I intend to have shootable powerups and other such goodies but for now it’s all about getting the feel of the action right. To that end I’ve successfully managed to scale the mutants and render appropriately sized blood droplets. I’ve also managed to jolt the gun and plan on firing off empty shells with each round. The gun is controlled from the green touch area at the base of the game. With every stroke of the finger the crosshair moves in the main game area and shoots. If a mutant is in the way it is shot, loses HP and ultimately falls defeated.
I’m super excited to be creating a game that isn’t my normal sort of game. I’m also excited to be using some graphics that are from a time I absolutely adored sitting and pixeling in Photoshop. I hope to show quite a bit more in the coming weeks.
I think my geekish enthusiasm is spilling over in to slightly worrying obsessional territory. But all the same there is no single genre of game that thrills me more than the good old “shmup”.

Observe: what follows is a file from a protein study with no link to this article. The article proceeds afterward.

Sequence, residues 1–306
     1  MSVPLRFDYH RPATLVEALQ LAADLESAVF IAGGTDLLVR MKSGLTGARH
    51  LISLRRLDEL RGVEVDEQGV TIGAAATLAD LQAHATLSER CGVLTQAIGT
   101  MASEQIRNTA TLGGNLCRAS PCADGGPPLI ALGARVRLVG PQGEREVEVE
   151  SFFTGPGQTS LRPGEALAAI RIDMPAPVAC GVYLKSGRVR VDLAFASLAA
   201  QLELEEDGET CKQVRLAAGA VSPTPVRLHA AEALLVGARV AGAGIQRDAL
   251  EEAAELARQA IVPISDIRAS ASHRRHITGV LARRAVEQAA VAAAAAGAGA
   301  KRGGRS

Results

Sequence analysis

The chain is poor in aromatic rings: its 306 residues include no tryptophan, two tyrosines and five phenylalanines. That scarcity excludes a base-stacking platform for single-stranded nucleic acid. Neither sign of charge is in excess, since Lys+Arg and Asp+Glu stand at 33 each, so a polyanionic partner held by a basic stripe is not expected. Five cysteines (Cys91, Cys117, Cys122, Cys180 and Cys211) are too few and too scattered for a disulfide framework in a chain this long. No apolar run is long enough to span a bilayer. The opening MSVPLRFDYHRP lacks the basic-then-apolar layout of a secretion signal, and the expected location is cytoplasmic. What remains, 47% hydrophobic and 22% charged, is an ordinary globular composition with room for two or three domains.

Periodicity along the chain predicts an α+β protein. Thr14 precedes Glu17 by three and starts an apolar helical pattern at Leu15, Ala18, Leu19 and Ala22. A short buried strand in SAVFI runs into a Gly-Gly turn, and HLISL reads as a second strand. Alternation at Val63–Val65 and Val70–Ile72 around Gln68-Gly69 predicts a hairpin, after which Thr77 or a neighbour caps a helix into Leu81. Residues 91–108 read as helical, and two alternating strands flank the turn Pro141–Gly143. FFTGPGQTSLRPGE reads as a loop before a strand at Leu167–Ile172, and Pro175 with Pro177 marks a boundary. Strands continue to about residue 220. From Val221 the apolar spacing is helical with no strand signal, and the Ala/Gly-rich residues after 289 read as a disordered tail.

There are so many variations to the shoot em up and I love them all. My particular favourite the so-called “manic shooter” (you’ll see this listed as anything from Chaos Shooter to Bullet Hell gaming) stands out as the purest a video gaming experience could be. When it’s done well its kaleidoscope-like presentation just sucks me in and grips me to the point that I might as well be strapped in to my own fighter and battling my way through hordes of mechanical monstrosities.
So I figured it’s a subject so dear to me it deserves its own page.
The link is at the top of the page.
If I’ve missed a game (and I most certainly will have missed many) then please add it to the comments. I’m determined to expand my list of shoot em ups on the iPad. It’s part of the reason I got the thing :-)